A safe pet is a happy pet, and a happy pet is what pet owners strive for. It can be difficult to keep some pets from getting into trouble, though; and during the holiday season that task can be even more difficult than usual…
Keep Your Pets Safe in the Kitchen This Holiday Season
Many people’s kitchens are a bustling place this time of year. However, the kitchen can be a dangerous place for pet. In addition to dangers of sharp, hot, and “coming through!”, it is important to keep food items that can be hazardous to pets out of reach. Tasty holiday treats are often tempting to the four-legged members of our household and should be stored with care.
More common dangerous food items include:
- Chocolate (can cause digestive upset, abnormal heart rhythms, and seizures)
- Artificial sweeteners (Xylitol, in particular, causes a severe drop in blood sugar and liver problems)
- Nuts (macadamia nuts especially can cause vomiting and other problems)
- Raisins and grapes (some pets may experience kidney failure after ingestion)
- Yeast doughs (ingestion can cause digestive upset, blockage, or even toxicity)
Likewise, be sure to keep your garbage in a secure, pet-safe location. Discarded meat packaging, cookie trimmings, and other holiday refuse make tasty but sometimes dangerous temptations for pets.
Make Your Holiday Decorations Pet Friendly
Decking the halls is a tradition in many homes for the holiday season. Be sure to keep your pets in mind as you decorate, however. Consider the following Christmas pet pitfalls:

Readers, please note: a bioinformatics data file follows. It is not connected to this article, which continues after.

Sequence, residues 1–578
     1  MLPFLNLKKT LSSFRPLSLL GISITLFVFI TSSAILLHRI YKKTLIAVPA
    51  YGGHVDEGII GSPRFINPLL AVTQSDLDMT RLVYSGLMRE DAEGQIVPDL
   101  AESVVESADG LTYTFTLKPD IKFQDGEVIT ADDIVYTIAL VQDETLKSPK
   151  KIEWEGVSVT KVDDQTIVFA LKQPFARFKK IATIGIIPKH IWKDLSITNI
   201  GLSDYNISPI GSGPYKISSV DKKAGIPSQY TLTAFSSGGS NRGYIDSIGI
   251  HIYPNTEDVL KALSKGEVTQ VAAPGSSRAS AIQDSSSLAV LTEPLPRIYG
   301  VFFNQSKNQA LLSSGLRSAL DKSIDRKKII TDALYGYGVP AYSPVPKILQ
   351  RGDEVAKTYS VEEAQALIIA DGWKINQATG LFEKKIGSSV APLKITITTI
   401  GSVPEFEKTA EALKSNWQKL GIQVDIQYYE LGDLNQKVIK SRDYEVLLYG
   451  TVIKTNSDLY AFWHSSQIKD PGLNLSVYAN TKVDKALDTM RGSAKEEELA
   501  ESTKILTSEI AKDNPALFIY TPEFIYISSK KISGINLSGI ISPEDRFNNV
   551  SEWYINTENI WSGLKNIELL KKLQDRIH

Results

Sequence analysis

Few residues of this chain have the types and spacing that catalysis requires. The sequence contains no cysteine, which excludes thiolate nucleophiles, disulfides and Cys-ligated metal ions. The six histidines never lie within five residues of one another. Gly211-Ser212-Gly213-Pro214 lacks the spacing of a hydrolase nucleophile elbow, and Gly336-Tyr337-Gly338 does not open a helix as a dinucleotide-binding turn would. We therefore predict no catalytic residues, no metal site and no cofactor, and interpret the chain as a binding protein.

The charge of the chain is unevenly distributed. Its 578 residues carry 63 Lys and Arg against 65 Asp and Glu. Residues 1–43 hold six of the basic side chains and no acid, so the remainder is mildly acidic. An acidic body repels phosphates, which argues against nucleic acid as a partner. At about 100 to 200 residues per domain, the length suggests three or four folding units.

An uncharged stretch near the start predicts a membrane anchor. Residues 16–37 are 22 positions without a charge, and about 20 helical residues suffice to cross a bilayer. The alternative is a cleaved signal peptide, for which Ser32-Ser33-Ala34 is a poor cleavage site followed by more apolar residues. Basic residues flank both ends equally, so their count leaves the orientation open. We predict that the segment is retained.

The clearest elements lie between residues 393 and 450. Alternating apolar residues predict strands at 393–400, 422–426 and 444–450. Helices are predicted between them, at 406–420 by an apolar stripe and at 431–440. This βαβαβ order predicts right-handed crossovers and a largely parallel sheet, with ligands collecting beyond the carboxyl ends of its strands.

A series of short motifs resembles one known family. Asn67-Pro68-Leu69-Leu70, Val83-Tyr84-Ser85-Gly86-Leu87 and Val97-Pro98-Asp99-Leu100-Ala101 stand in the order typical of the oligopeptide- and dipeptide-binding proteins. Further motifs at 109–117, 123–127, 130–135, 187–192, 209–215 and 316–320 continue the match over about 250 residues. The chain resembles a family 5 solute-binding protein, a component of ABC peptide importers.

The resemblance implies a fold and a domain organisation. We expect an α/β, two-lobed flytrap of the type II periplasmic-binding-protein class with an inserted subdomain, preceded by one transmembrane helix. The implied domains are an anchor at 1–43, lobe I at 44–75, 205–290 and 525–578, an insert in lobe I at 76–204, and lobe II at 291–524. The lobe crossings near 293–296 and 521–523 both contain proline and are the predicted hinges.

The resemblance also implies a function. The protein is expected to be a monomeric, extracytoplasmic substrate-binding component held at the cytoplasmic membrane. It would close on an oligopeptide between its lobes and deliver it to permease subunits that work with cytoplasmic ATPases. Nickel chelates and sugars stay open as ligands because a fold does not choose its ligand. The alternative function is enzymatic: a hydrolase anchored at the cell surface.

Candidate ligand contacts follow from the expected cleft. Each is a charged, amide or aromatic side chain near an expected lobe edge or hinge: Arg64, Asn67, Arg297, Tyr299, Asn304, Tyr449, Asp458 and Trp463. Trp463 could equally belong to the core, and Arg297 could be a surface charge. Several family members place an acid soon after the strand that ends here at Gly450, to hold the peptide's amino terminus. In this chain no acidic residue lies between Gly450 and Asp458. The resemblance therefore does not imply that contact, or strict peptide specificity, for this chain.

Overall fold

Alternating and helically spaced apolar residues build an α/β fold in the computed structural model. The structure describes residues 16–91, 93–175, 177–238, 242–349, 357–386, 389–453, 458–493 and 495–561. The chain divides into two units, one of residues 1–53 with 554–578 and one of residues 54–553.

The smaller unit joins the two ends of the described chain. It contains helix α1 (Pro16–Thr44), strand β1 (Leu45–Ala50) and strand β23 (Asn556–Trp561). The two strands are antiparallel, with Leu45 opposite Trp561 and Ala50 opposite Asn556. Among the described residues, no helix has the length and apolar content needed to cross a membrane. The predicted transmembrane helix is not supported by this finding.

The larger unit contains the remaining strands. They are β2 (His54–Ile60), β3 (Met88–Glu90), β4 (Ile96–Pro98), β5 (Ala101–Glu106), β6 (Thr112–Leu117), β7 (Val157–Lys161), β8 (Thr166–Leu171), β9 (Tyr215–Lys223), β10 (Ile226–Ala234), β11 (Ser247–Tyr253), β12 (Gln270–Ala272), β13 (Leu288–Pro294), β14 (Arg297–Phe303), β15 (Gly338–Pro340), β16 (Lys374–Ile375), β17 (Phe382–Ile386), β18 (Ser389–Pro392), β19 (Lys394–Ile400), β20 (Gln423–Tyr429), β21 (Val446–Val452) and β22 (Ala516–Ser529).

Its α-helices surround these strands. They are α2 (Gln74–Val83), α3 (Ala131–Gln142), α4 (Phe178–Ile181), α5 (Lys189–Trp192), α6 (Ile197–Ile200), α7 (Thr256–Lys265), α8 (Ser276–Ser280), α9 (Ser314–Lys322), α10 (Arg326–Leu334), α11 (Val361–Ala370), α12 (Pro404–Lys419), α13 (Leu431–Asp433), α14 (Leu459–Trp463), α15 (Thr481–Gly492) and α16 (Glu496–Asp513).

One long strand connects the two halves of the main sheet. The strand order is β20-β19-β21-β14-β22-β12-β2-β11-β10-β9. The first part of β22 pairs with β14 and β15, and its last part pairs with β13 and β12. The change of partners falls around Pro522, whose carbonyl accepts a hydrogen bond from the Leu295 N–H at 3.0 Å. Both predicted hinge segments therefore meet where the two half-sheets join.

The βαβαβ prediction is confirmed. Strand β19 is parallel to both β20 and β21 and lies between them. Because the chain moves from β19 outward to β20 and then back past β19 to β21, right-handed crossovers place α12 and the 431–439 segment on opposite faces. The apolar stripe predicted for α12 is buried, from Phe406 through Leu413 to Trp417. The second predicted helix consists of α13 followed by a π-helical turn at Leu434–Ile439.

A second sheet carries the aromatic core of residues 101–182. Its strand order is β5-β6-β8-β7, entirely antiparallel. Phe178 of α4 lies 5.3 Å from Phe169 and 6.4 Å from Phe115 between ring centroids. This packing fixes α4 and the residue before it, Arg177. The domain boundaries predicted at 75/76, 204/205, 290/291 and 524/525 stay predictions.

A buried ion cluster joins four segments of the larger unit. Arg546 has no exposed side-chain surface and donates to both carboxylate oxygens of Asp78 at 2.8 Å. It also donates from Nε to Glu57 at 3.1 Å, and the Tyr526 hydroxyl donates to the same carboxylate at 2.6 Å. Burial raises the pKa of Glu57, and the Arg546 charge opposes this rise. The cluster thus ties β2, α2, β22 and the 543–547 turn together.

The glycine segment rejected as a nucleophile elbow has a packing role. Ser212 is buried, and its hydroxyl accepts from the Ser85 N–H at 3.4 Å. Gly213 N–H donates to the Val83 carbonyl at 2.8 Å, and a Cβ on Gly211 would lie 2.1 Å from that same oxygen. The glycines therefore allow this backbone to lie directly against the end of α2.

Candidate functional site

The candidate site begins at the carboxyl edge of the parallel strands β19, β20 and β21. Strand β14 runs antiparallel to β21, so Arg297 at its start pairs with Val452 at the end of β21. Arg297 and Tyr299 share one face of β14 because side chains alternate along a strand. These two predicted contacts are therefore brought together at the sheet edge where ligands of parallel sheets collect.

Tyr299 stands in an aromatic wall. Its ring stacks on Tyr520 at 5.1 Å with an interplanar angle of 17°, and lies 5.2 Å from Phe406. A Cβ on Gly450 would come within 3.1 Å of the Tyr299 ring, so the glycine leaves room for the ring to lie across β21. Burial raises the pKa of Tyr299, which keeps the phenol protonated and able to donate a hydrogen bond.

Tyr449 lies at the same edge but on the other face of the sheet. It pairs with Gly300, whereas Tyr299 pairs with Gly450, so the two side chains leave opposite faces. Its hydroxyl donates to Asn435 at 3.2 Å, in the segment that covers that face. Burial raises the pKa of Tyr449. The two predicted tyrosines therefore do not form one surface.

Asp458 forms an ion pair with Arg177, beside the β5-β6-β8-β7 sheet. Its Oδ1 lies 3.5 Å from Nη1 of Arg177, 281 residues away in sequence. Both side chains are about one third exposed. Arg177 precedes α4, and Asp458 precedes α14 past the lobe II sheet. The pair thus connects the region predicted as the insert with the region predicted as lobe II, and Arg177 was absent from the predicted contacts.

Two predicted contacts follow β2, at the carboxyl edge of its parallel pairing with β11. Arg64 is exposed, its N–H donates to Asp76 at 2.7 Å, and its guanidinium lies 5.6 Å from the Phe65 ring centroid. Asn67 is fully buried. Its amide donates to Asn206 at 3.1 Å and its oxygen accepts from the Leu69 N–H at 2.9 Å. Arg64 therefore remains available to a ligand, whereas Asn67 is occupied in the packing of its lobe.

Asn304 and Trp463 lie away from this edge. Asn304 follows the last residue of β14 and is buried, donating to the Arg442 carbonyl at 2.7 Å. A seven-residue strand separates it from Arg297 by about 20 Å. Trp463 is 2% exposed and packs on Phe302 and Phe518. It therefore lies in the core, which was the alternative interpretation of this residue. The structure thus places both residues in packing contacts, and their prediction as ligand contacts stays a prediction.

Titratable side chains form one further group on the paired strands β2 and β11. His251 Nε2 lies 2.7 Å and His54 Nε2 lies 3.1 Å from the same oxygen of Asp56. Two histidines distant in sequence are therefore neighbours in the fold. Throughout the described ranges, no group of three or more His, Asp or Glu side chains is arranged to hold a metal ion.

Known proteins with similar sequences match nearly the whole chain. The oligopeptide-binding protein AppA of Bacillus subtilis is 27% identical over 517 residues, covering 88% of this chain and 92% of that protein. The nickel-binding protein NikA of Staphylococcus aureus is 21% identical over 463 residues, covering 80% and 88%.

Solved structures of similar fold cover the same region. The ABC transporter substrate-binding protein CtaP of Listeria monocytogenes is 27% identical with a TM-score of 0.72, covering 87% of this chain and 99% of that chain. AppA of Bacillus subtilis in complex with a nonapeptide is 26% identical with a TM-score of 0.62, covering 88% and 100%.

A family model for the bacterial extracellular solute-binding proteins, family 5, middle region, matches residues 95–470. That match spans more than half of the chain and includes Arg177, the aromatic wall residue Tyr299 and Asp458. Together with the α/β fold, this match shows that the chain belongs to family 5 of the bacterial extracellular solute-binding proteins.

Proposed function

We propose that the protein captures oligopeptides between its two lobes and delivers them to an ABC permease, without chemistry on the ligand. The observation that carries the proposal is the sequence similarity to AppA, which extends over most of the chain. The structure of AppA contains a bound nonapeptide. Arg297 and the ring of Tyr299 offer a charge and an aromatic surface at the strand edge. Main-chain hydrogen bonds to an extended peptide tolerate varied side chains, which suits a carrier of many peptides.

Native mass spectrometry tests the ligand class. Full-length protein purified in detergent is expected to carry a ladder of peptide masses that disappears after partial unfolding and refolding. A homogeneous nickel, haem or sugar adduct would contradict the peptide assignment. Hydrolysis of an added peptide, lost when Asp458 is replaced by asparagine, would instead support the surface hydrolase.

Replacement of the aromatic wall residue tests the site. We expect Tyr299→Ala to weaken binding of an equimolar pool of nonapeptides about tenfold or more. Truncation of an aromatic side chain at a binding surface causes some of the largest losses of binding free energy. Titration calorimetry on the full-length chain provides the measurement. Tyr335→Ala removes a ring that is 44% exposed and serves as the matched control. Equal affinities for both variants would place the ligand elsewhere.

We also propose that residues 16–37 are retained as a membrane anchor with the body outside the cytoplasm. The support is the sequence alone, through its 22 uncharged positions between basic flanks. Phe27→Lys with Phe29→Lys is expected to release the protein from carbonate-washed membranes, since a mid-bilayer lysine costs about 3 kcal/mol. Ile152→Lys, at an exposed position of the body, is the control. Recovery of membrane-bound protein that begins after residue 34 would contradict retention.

The Tree – Christmas trees can be easy for determined pets to bring down, so make sure to secure your tree well. Pine needles from real or artificial trees can cause digestive problems if eaten, too. And, if you have a real tree be sure to prevent your pet from drinking the water, as there could be a variety of toxins lurking within.
Holiday Plants – Holiday plans such as holly, mistletoe, ivy, and lilies can be downright dangerous if ingested. The more common poinsettia can also cause digestive irritation and upset. Choose to not keep these plants in your home or place them in a pet-free location.
Decorative Lighting – Strands of lights are easy for pets to become tangled up in and can be dangerous if chewed. Open flames such as candles are also intriguing and hazardous for curious pets.
Garlands – Many people string popcorn, cranberries, or other goodies to create beautiful but dangerous decorations. Also beware of items like tinsel that can be tempting, especially for cats, and can easily lead to an intestinal obstruction of surgical proportions.
Gifts – Wrapping paper and ribbons are safety concerns if swallowed. Food items under the tree can be unsafe for those pets who just can’t wait for Christmas morning as well.
Keep Your Holiday Gatherings Pet Safe
It’s only natural that you should want to celebrate the season with your pets. If you’re planning a party or even just having a few close friends over, consider the following:
- Allow them a safe, quiet refuge from the commotion
- Being sure that they are wearing current identification
- Let your guests know not to feed your pets
- Keep your guests’ plates and cups out of reach
- Be sure coats and purses are kept in an area your pet cannot access (there are all sorts of potential toxins lurking inside!)
By putting your pet’s best interest ahead of everything else, you can be sure this Christmas is a safe one for everyone in your home. We wish you and your family a very happy holiday this year!